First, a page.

The Bronx was once known as a deprived area, populated by low-income families no doubt living on low-grade food. No longer. An enthusiastic schoolteacher has turned the decaying New York neighborhood into a center of urban farming.
"We use underutilized urban spaces like parking lots and abandoned buildings," explains Stephen Ritz, founder of the Green Bronx Machine. "We grow fruit and vegetables, using no fossil fuels, while helping people get healthy and creating jobs for underprivileged youths. Urban gardening is edible, successful, profitable and replicable."
Ritz, a special education teacher in the South Bronx, started the Green Bronx Machine 10 years ago as a way of teaching his students useful skills. Since then Ritz and his army of young urban farmers have produced more than 11 tons of vegetables. "It's phenomenally easy," says Ritz. "We take over abandoned spaces and grow vegetables on walls and rooftops. By growing crops vertically, you need very little soil and water."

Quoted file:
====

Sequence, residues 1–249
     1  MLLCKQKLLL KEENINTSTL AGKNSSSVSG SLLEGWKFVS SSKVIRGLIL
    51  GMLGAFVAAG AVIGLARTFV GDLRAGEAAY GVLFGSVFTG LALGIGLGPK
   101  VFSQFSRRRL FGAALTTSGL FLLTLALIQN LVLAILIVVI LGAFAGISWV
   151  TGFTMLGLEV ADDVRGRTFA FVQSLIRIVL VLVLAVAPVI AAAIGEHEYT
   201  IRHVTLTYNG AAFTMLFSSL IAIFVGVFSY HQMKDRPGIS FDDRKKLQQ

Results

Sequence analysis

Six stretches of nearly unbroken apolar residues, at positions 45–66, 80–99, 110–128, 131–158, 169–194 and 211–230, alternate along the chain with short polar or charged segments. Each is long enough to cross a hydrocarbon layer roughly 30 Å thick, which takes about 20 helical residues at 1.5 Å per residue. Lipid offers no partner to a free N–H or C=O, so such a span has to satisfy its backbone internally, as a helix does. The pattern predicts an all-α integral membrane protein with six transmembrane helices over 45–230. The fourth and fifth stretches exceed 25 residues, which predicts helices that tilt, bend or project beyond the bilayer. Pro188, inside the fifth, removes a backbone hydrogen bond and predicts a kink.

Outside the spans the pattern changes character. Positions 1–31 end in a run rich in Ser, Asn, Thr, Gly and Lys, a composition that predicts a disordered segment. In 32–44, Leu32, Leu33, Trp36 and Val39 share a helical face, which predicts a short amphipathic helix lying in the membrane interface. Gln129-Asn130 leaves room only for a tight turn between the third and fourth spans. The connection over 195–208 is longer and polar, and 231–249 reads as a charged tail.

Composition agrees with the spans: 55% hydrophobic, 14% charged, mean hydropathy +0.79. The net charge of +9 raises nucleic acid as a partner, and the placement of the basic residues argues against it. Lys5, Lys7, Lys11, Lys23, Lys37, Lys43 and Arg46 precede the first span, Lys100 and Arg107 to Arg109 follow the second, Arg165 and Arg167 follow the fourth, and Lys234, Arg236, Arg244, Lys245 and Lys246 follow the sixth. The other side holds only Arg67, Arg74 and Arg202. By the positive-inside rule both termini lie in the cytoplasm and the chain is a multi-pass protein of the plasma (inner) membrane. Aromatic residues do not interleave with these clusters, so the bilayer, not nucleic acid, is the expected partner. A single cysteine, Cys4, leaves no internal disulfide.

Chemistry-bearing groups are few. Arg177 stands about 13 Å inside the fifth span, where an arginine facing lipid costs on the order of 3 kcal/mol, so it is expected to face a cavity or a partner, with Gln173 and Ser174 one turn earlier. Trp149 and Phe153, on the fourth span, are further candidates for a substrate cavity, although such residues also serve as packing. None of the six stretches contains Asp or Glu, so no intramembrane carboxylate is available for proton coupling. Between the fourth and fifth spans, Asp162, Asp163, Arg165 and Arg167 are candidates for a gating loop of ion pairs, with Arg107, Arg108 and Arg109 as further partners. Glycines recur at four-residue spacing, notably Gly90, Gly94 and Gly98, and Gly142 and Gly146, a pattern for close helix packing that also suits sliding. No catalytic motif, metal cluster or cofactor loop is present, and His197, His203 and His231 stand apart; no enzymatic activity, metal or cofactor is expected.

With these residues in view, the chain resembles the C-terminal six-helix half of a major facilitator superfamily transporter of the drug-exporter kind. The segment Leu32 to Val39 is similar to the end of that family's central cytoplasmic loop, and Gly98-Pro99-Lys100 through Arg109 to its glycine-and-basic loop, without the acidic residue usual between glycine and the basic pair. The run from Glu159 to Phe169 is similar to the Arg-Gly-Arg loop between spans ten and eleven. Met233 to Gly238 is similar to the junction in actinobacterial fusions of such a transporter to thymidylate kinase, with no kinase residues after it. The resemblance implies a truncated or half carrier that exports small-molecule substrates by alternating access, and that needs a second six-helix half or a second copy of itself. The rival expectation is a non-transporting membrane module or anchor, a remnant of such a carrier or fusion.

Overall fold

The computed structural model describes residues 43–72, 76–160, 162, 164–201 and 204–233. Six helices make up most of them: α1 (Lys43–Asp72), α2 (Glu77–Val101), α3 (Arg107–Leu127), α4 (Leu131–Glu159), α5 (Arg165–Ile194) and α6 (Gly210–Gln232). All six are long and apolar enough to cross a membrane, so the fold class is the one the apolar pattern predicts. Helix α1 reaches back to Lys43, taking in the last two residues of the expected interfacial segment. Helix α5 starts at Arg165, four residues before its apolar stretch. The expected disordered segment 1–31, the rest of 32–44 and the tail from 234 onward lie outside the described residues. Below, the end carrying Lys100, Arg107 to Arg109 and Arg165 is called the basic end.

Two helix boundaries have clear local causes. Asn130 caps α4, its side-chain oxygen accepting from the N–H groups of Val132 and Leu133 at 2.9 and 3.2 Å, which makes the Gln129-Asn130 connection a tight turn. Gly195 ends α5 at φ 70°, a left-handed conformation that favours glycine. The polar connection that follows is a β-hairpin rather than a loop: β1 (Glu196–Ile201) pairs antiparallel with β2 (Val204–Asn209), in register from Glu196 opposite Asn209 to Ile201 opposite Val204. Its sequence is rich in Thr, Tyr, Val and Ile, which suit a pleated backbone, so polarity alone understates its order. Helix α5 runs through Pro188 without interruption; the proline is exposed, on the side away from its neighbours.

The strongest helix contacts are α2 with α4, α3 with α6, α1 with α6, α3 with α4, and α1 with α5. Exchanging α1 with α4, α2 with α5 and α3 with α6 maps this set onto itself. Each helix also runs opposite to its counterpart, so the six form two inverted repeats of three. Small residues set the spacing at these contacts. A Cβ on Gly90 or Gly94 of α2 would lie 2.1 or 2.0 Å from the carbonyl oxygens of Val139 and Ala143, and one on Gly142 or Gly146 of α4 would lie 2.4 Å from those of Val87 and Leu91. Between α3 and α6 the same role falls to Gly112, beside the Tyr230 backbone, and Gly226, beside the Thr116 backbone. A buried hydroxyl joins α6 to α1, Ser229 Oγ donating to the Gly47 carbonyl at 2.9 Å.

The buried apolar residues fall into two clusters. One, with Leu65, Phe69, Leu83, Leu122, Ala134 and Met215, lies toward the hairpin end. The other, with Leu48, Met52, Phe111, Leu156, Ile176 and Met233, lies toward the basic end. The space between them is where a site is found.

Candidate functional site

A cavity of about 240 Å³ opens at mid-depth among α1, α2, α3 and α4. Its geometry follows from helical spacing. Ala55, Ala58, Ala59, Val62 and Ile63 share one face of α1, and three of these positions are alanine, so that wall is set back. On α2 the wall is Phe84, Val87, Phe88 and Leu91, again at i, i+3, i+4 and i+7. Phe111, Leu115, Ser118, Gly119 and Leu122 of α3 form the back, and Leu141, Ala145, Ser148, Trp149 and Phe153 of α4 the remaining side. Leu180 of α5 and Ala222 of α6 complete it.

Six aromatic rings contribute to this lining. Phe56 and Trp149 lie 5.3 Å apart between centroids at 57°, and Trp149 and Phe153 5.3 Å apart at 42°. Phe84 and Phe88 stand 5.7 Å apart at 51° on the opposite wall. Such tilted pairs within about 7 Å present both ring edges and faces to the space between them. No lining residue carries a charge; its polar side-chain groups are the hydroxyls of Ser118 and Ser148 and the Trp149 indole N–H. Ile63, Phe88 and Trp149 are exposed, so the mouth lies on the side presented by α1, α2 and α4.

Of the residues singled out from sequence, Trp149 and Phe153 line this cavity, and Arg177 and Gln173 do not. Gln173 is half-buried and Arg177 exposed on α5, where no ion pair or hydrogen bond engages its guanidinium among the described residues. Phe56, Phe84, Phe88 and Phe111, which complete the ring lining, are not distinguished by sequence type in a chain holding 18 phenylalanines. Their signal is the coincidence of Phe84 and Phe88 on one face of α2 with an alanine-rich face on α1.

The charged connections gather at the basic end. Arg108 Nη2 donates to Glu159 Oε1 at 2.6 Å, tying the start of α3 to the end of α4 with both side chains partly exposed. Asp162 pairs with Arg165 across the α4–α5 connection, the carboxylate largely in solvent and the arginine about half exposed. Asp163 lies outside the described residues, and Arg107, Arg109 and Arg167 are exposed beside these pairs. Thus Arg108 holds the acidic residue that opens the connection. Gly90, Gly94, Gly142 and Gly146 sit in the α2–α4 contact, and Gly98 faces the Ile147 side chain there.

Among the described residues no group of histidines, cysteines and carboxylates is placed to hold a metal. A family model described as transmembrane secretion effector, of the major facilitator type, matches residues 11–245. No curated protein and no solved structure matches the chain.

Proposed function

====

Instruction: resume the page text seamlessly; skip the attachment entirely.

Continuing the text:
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For Ritz, the motivation is getting his students -- most of whom are homeless -- onto a successful path in life. They work on the urban farms, learning job skills that are applicable in many sectors, while eating healthy and staying out of trouble. Since the launch of the Green Bronx Machine, the attendance rate among Ritz's students has jumped from 40 to 93 percent. "This is a ticket to the middle class," notes Ritz. The Green Bronx Machine provides teenagers with paid after-school jobs.
But even for cities with well-fed children, vertical farming presents a huge opportunity. "It's a way of producing more food per square meter", explains Michel Pimbert, director of Sustainable Agriculture, Biodiversity and Livelihoods at the U.K.-based International Institute for Environment and Development. "And it's the most useful in cities. In order to reduce our carbon footprint, cities will have to produce food again."
Steve Ritz's students now sport slimmer waistlines, and soon other New Yorkers will do the same: the Green Bronx Machine is expanding. For new urban farmers Ritz particularly recommends tomatoes, eggplant, mint and broccoli. His favorite crop? "Organic citizens."